Your sweet, peace loving feline companion sneaks out between your legs as you take the trash out. Despite searching, there is no sign of her, so you are thrilled to hear her meowing at the door the next morning. She fusses a bit when you pick her up, but you figure she is just upset at being out all night.
A couple of days later, you rub your hand down her back and when you get near the tail, she hisses. At this point, you may examine the area and not find anything—or do you? You may note two tiny pinprick size spots that look a bit red. Or you may feel a soft lump that opens and drains foul-smelling, thick liquid all over your hand and your cat’s tail and rear. With all three scenarios, the odds are that your cat was bitten while “out on the town” and has an abscess brewing.
Anecdotally, it seems that female cats and young males get bitten in the rear most often. Older tom cats tend to have face abscesses. Presumably the female cats and young males are running away from trouble while the older males are fighting back.
Cat bites almost invariably lead to abscesses in other cats (they can cause nasty infections in people too). The sharp points of the canine teeth can “inject” bacteria under the skin. These bacteria are comfortable moving from one cat to another. The tiny openings often heal closed, trapping pathogenic bacteria, such as Pasteurella multocida, inside. These and other bacteria that can flourish in an anaerobic atmosphere grow rapidly.
Your cat’s immune system reacts to bacterial invaders. Even if these bacteria normally exist in one area, such as your cat’s oral cavity, the body recognizes that they don’t belong under the skin in other areas. The immune response leads to a collection of pus, which may have a tough fibrous capsule layered around it. Almost always, as the material and pressure builds up inside, the abscess will ultimately rupture.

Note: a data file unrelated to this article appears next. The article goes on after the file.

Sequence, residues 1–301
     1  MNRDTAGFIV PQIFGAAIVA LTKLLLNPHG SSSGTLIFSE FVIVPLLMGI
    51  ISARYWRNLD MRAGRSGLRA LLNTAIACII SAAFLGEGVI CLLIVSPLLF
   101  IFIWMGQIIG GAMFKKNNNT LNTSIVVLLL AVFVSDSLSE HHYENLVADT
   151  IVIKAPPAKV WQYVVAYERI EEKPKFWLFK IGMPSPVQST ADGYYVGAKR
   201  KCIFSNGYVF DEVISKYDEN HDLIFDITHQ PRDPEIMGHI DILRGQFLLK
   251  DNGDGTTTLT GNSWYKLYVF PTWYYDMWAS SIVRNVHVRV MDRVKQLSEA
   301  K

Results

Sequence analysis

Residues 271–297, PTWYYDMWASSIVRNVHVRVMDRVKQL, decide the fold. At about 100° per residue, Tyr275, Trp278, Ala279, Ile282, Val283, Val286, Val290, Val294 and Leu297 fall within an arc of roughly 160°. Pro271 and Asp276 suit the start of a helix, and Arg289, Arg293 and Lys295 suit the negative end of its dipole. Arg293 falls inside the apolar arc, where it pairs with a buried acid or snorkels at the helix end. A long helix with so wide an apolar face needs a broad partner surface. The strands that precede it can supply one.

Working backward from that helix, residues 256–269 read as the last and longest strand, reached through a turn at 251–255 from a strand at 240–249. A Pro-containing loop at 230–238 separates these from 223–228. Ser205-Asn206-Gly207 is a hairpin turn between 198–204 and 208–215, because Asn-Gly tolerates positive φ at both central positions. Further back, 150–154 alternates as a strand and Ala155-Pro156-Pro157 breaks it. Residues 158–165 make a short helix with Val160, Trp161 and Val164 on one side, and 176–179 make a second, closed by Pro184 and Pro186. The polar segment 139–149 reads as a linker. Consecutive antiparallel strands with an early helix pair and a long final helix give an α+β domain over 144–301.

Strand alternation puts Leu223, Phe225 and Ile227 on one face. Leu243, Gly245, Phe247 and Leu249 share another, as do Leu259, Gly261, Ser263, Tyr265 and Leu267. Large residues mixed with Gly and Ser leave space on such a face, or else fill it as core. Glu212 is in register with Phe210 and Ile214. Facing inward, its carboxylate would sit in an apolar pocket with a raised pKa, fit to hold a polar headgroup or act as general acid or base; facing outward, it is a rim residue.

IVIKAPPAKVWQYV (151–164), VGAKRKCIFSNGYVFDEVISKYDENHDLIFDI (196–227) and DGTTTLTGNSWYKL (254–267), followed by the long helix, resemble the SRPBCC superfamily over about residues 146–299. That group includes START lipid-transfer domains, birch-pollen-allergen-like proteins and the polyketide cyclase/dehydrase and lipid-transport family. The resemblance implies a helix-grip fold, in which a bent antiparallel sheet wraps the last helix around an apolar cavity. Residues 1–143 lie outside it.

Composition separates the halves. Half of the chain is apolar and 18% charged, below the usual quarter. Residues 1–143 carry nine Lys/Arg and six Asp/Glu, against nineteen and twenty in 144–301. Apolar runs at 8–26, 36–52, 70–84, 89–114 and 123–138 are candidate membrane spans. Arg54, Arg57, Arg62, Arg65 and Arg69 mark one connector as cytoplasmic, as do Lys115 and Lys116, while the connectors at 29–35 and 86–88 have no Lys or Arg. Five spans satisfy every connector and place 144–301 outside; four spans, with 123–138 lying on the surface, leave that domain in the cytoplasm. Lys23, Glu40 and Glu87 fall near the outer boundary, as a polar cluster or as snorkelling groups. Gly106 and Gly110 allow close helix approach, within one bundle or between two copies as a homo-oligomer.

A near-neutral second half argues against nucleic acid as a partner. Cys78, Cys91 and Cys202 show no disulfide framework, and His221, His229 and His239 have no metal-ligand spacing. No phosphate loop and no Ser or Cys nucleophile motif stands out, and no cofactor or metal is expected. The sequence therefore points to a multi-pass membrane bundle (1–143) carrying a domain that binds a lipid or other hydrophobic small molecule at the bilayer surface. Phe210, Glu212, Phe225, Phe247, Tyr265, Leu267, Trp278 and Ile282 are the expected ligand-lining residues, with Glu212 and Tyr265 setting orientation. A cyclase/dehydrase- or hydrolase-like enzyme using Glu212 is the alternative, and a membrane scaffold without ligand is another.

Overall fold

Prior to rupture, you may feel a swollen area on your cat’s body. It generally will feel warm and may be painful to the touch. Cats with abscesses tend to run fevers and may be lethargic. If the abscess is developing on a leg, you might notice lameness. Certainly, most cats who are developing an abscess will be irritable. If you suspect an abscess, schedule a veterinary visit promptly.
Abscesses need to be opened and drained. If the abscess opens on its own, the area still needs to be thoroughly flushed and cleaned. The goal is to remove all bacteria and have the now-open wound heal slowly from inside out without the development of any more “pockets” of infection. If your cat has multiple abscess pockets, your veterinarian may need to place a drain. The drain serves to keep the wound open, allows oxygen into the area and forces slow, careful healing.